Sep 12, 2019
News

The inversion of the US Treasury yield curve made headlines last month. In Sonal Desai's opinion, the yield curve means nothing about the future of the world's economies. There is a glaring contradiction in the fact that so many market participants and commentators emphasise the heightened level of economic uncertainty and, at the same time, seem to consider flat or inverted yield curves as fool-proof predictors of a recession. This is misguided – I don't think the yield curve tells anything about what lies ahead for the real economy. A look at the evidence Yes, protracted uncertainty on trade is having some impact on business sentiment. However, we have lived with trade uncertainty for almost three years now, with very little economic impact. The US economy is holding up well, and now it benefits from a more dovish US Federal Reserve (Fed). China has shown a bit of weakness, but not a sharp slowdown, and the latest data shows that China’s lower exports to the US have been offset by stronger exports to the rest of the world. The weakness in Europe is more pronounced, notably in Germany as we’ve seen with recent gross domestic product data, but by no means a collapse. The US economy continues to create jobs at a robust clip, even with the unemployment rate already at a 50-year low. According to the US Bureau of Economic Analysis, employee wages and salaries grew at 4.7% in 2017, 5% in 2018 and 5.1% in the first half of this year. Household consumption powers the economy, and the household saving rate as of June this year is at a very healthy 8.1%. In short: the economic data shows no evidence that either the US nor the global economy is approaching a recession. Feeding the fear Government bond markets are still distorted by the major role that central banks continue to play. The Fed has cut interest rates and signalled the possibility of further reductions; the European Central Bank has opened the door to a resumption of quantitative easing. Major central banks are essentially inviting investors to ignore the economic data and bet on lower yields. So, I think fixed income markets are betting on the Fed, and the Fed has just taken a dovish turn – ignoring the economic data. However, this betting on the Fed gives no indication whatsoever on where the economy is going. In other words, I think the Treasury yield curve has no value whatsoever as a predictor of recession. It’s just a good predictor of Fed dovishness, for now, and a sign of some panic in the markets. The markets and the Fed seem to be looking at each other, feeding each other’s fears, and completely ignoring what’s actually going on in the real economy. Sonal Desai, Ph.D. is the Chief Investment Officer at Franklin Templeton Fixed Income. This article is sole opinion of the author. This article was originally published in The FM Report.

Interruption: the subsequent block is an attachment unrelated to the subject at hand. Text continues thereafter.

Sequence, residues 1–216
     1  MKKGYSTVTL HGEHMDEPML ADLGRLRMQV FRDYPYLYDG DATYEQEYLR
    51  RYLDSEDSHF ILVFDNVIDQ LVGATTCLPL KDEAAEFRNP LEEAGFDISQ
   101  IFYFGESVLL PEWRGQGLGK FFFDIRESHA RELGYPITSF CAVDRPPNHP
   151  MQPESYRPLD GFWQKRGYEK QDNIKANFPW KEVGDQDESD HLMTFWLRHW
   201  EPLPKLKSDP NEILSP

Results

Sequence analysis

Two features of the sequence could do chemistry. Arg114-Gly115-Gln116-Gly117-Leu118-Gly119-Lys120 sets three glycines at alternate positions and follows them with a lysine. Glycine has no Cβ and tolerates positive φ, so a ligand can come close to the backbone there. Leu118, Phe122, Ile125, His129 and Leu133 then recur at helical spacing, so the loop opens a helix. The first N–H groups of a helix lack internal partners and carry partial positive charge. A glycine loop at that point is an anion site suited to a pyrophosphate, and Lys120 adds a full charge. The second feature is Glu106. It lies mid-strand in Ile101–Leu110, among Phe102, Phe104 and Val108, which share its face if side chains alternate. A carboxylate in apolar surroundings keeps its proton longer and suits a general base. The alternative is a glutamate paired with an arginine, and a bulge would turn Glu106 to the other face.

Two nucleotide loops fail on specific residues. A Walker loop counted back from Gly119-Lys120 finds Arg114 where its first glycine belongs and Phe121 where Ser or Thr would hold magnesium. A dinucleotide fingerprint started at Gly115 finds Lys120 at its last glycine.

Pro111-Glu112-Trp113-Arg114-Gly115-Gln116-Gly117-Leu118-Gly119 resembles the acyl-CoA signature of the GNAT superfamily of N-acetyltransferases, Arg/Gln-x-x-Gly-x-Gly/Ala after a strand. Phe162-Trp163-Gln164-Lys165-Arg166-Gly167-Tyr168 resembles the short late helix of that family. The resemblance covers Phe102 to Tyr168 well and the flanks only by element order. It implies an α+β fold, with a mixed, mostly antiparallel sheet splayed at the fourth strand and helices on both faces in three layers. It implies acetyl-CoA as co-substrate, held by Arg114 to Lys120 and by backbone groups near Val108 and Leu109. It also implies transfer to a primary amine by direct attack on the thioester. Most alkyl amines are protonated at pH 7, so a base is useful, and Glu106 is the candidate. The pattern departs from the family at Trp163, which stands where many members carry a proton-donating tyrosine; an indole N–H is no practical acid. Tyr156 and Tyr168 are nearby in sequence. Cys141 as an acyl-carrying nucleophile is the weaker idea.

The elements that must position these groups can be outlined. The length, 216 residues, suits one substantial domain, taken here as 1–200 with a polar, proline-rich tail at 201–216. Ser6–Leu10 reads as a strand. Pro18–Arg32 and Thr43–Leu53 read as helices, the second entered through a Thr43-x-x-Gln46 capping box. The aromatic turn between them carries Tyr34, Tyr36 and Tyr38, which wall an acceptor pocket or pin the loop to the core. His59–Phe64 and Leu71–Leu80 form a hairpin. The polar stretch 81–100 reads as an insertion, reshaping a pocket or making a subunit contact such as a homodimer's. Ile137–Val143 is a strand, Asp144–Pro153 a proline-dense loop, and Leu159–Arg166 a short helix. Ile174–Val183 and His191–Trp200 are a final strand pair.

Sep 08, 2019
News

Gender pay gap reporting is coming to Ireland. Sonya Boyce explains how you can prepare for this essential step towards gender pay parity. The gender pay gap is the difference between what is earned on average by women and men based on average gross hourly earnings of all paid employees – not just men and women doing the same job or with the same experience of working patterns. The Gender Pay Information Bill 2018 will be enacted in Ireland imminently. It will require mandatory gender pay gap reporting for public and private sector companies. This Bill follows a European trend where other countries, including Germany, France and Spain, have introduced similar legislation requiring organisations to publish information about the pay awarded to colleagues based on their gender. Such legislative developments have arisen in response to the fact that women in the EU are paid, on average, over 16% less per hour than men. In Ireland, the average gender pay gap is 13.9%. The World Economic Forum’s Global Gender Gap Report 2017 states that, if enough measures are not taken to address the gender pay gap, it will take 100 years to close the gap in the 106 countries included in the study. The big picture Gender pay gap (GPG) reporting is not just about equal pay; it is an initiative to introduce gender pay gap reporting as part of a wider initiative to address female participation and employment gaps between genders. GPG reporting is seen as the first step in addressing parity in the employment market in terms of gender, particularly at the management level. It is hoped that the introduction of GPG reporting will provide organisations with an incentive to develop female-focused strategies and initiatives to build greater representation in their workforce, not only from a gender perspective but across the broader spectrum of diversity and inclusion. Encouraging a diverse and inclusive workplace is proven to strengthen the culture internally and develops an employer brand of choice to retain and attract the talent needed. It also enables organisations to deal with any inequities they have and show stakeholders a demonstrated commitment to diversity and inclusion. As Tim Cook, CEO of Apple, says, “Inclusion inspires innovation”. Diverse teams are smarter, more likely to generate new product ideas and enter new markets. Preparation In advance of the upcoming legislation, I advise all organisations to undertake a few key steps. First, you should review the employee data you hold about your workplace population. This data will include payroll and human resource information. Once data has been compiled, organisations can calculate your gender pay gap. After that, it is essential to building a narrative to explain and provide background information on the gender pay gap figure within your organisation. This narrative also serves to reassure employees, potential employees and other stakeholders as to why a gender pay gap figure exists. Lastly, organisations should develop and communicate an action plan on how it will work to reduce the gender pay gap figure. By outlining and delivering an effective action plan, it will ensure all stakeholders remain motivated and there is no reputational damage to an organisation. The bottom line McKinsey 2018 research suggests that companies in the top quartile for gender diversity on their executive teams were 21% more likely to experience above-average profitability than companies in the fourth quartile. Diversity and inclusion have a positive impact on the bottom line and profits, and GPG reporting is a critical and tangible metric that management can rely on to ensure that women are paid fairly, being considered for promotion and being promoted and attaining senior-level management positions. The introduction of mandatory gender pay gap reporting is an essential step towards ensuring gender parity and fairness about pay and progression. Sonya Boyce is a Senior Manager in HR Consulting in Mazars.

Sep 08, 2019